and the discovery of dark energy held another surprise the idea that the universe contains such an ingredient had actually been cooked up eighty years earlier I'll let you in on a little secret although he didn't call it dark energy long ago Albert Einstein predicted that space itself could exert a force that would drive galaxies apart you see shortly after discovering his general theory of relativity his theory of gravity Einstein found that according to the mathematics the universe would either be expanding or contracting but it couldn't hover at a fixed size this was puzzling because before they knew about the Big Bang most scientists including Einstein pictured the universe as static eternal and unchanging when Einstein's equations suggested an expanding or contracting universe not the static universe everyone believed in he had a problem so Einstein went back to his equations and modified them to allow for kind of anti-gravity that would infuse space with an outward push counteracting usual inward pull of gravity allowing the universe to stand still he called the modification the cosmological constant adding the cosmological constant rescued his equations but the truth is Einstein had no idea if his outward push or anti-gravity really existed the introduction of the cosmological constant by Einstein was not a very elegant solution to try to find what he was looking for stationary universe it achieves this effect of anti-gravity it says that gravity sometimes can behave in such a way is not to pull things together but to push things apart like the clash of two titans the cosmological constant and the pull of ordinary matter could hold the universe in check and keep it static but about a dozen years later the astronomer Edwin Hubble discovered the universe is not static it's expanding due to the explosive force of the Big Bang fourteen billion years ago that meant Einsteins original equations no longer had to be altered so suddenly the need for a cosmological constant went right out the window.

It's understandable that the gravity could pull everything inward and make the universe collapse but, looking at it historically, it's not clear what was there in the space which would push everything outward resulting into expanding universe. Around 1920s it was not thought that space had any inherent energy which would push the matter such as galaxies apart. Yes, Einstein's space-time was dynamic which could bend, ripple, twist, etc. but it didn't have any inherent energy. By the way, if it had its own energy, it would also result into gravity. So, what was there in Einstein's equations which predicted or implied expanding universe? I think the answer lies not in the math. Also note that Big Bang theory was formulated around 1931.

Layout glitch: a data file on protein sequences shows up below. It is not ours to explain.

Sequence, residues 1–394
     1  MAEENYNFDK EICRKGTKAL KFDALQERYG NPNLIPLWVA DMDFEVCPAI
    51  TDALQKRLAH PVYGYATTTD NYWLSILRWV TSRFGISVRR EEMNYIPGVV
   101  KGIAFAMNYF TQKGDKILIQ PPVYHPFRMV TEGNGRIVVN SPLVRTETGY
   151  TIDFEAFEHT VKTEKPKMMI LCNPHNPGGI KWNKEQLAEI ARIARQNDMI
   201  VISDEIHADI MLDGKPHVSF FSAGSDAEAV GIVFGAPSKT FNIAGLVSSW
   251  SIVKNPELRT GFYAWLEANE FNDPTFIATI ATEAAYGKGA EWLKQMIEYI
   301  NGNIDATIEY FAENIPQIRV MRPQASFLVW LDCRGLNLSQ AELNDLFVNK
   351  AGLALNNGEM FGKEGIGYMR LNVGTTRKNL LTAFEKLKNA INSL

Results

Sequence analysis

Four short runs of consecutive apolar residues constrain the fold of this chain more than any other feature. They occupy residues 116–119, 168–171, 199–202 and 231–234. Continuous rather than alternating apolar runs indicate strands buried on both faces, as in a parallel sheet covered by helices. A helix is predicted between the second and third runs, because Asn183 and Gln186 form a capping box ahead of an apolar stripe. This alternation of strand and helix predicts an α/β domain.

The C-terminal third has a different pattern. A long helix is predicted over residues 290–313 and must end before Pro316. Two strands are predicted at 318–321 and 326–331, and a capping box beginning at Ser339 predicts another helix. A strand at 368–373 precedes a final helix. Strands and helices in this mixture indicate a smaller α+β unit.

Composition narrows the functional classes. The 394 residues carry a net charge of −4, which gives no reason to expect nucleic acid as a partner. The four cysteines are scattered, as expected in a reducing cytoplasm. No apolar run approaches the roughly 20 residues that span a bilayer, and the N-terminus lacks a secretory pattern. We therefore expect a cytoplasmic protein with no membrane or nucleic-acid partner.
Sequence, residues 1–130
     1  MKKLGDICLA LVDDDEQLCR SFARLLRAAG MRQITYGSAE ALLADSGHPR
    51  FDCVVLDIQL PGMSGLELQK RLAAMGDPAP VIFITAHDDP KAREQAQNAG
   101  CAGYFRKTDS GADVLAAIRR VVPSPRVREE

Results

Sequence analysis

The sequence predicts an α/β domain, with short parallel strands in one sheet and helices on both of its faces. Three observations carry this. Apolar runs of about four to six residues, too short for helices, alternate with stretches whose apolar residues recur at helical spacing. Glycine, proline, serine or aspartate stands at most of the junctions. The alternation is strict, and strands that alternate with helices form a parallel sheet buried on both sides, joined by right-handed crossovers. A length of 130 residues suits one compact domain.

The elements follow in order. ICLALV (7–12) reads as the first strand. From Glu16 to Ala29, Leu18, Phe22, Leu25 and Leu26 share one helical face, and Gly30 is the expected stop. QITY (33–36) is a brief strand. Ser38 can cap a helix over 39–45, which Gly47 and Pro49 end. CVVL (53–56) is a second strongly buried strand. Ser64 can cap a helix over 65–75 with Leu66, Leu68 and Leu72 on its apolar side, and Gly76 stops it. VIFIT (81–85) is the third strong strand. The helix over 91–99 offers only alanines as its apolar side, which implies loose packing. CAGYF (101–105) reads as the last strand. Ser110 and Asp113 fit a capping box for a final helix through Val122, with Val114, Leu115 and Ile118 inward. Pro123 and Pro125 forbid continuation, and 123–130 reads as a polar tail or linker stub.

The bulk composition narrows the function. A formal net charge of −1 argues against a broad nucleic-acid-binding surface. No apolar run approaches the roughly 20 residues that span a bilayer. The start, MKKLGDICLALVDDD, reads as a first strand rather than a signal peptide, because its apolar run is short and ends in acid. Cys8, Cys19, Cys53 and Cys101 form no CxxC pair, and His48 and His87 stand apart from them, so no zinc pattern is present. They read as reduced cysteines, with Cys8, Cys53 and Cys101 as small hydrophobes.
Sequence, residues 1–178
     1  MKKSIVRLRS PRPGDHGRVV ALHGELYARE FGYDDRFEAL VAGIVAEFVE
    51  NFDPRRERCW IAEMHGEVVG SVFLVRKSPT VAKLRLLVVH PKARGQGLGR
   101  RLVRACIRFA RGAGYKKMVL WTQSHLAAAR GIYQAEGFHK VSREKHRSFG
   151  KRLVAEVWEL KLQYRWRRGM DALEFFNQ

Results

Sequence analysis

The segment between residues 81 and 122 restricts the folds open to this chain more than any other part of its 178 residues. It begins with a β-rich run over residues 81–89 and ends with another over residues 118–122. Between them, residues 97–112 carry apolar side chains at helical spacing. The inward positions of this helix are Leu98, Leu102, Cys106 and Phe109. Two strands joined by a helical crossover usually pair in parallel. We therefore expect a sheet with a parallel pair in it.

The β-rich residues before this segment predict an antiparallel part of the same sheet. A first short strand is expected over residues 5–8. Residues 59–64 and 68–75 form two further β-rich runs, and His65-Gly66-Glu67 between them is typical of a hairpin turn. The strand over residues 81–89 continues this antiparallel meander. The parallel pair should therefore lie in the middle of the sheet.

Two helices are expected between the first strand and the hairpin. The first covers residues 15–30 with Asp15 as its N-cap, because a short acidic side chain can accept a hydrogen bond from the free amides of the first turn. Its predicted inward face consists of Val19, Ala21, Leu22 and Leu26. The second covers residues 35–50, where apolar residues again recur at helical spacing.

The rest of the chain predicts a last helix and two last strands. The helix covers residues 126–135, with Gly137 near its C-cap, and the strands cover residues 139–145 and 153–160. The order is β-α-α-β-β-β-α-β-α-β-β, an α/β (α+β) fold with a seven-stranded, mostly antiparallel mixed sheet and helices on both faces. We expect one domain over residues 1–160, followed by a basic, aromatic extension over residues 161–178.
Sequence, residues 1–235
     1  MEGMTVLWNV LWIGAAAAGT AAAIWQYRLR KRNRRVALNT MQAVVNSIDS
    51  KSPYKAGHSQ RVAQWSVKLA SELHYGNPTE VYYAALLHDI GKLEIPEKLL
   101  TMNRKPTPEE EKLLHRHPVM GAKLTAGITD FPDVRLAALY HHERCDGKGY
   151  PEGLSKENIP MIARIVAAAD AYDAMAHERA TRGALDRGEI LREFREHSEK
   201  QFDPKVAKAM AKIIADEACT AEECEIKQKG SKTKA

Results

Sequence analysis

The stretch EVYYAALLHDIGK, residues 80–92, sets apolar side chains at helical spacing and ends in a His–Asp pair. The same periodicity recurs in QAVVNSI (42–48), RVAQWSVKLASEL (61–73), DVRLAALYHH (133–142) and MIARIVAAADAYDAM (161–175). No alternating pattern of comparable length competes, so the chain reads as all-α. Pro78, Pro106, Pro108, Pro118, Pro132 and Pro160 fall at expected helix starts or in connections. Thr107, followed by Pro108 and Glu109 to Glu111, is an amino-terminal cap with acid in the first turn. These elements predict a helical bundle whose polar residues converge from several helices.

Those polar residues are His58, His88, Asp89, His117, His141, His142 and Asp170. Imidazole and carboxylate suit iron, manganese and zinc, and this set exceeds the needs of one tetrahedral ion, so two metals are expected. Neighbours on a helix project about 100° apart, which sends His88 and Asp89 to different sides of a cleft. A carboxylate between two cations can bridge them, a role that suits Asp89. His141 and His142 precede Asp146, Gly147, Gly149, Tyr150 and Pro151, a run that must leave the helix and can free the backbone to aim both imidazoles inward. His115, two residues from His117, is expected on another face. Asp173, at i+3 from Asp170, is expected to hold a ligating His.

Einstein was trying to come up with a cosmology model for the universe using his gravitational field equations and it required few assumptions to start with; I think the term is initial conditions. He could either have assumed that, for some unknown reason, the universe is expanding which also counteracted the attractive gravity, or the universe was static and this would require some fixed outward force to counteract the gravity. Einstein went for the static universe because this was the most prevalent view of the universe at that time though, as I've read, mathematically, not very stable. In short, it wasn't that the math itself was implying something, it was more about the assumptions used to come up with the model. Please see the excerpt below.

In the early 20th century the common worldview held that the universe is static — more or less the same throughout eternity. Einstein expressed the general opinion in 1917 after de Sitter produced equations that could describe a universe that was expanding, a universe with a beginning. Einstein wrote him that "This circumstance irritates me." In another letter, Einstein added: "To admit such possibilities seems senseless."

In his gravitational field equations, Einstein was just then providing a compact mathematical tool that could describe the general configuration of matter and space taking the universe as a whole. The peculiar curvature of space predicted in the equations was quickly endorsed in famous experiments, and by the early 1920s most leading scientists agreed that Einstein's field equations could make a foundation for cosmology. The only problem was that finding a solution to these simple equations — that is, producing a model of the universe — was a mathematical nightmare. ...

Einstein met with de Sitter in neutral Holland. Stimulating and criticizing each other, they produced two cosmological models, two different solutions to the field equations. But both models seemed to need special adjustments.

Einstein's first try at a model likewise could not contain matter and be stable. For the equations showed that if the universe was static at the outset, the gravitational attraction of the matter would make it all collapse in upon itself. That seemed ridiculous, for there was no reason to suppose that space was so unstable.